• “You seem angry today. Would you like to tell me why you’re upset?”
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    Model positive behavior for your child. Your child observes you when you’re stressed, and learns to mimic your coping behaviors. Keeping your cool, clearly expressing your feelings, and taking quiet time when you need it will help your child learn to do the same.

    • Consider narrating your choices. “I’m feeling upset right now, so I’m going to take a quick break and take some deep breaths. Then I’ll be right back.”
    • After you use a behavior several times, the child is likely to try it out for himself.
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    Create a quiet space for your child. It is important to recognize your child may have difficulties processing and regulating multiple sights, sounds, smells and textures. Too much stimulation and your child can become stressed, overwhelmed, and prone to meltdowns. In this circumstance, a quiet room can help the child calm down.[2]

    • Teach the child to signal that she needs the room. She can point to the room, show a picture card representing the room, use sign language, type, or ask verbally.
    • Read How to Make a Calming Down Corner for additional tips.
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    Keep a meltdown log. Keeping a record of each time that your child has a meltdown can also help you to understand the reasons for the behavior. Try answering the following questions in writing the next time your child has a meltdown:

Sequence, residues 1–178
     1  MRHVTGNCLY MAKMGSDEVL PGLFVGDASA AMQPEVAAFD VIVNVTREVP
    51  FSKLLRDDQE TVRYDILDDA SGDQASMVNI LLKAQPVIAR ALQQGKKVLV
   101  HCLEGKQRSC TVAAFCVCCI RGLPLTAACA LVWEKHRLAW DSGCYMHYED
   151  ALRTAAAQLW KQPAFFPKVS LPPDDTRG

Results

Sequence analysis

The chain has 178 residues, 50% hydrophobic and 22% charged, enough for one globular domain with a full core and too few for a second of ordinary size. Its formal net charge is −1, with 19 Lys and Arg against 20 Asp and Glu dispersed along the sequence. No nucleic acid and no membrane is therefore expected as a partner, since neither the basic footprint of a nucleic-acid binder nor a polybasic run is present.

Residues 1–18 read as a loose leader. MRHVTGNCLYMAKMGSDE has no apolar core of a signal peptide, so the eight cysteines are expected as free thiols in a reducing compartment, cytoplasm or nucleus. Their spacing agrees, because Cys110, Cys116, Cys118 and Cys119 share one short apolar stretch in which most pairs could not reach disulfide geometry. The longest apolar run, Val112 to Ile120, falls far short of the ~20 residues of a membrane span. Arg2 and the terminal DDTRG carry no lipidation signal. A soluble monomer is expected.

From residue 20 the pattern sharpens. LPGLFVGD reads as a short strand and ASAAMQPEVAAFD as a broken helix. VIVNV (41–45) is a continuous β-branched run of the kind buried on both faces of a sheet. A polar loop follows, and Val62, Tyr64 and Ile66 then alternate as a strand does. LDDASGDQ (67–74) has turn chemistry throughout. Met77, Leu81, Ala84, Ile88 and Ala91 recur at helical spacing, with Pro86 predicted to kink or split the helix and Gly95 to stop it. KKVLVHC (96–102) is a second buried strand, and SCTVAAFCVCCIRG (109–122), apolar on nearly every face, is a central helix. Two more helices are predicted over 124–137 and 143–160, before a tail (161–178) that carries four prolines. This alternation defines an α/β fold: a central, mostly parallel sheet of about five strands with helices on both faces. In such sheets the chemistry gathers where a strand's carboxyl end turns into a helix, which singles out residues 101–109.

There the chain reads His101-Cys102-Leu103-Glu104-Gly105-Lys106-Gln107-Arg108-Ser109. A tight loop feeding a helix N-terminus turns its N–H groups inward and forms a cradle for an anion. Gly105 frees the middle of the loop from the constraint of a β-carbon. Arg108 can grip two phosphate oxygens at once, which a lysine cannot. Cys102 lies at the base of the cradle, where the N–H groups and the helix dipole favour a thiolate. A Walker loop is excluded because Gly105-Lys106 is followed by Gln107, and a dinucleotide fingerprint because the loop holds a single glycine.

• What made the child upset? (Consider that the child may have been holding back stress for hours.)
    • What signs of stress did the child exhibit?
    • If you noticed any stress buildup, what did you do? Was it effective?
    • How could you prevent a similar meltdown in the future?
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    Talk to your child about hitting behaviors. Remember that autism is not an excuse for hitting or being mean. If the child is mean to others, talk to him once he has calmed down. Explain that the particular action was not acceptable, and tell him what he can do instead.

    • “It was not okay for you to hit your brother. I understand that you were upset, but hitting hurts people, and it’s not okay to hurt people when you’re angry. If you’re mad, you can take some deep breaths, take a break, or tell me about the problem.”
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    Contact one of the child’s other caregivers for assistance during a meltdown.Autistic people have been traumatized or killed in the hands of the police.[3] If you cannot handle a meltdown, get one of the child’s other caregivers to help you.

    • Only call the police in extreme, physically harmful situations.

Method 2 of 5: Handling Tantrums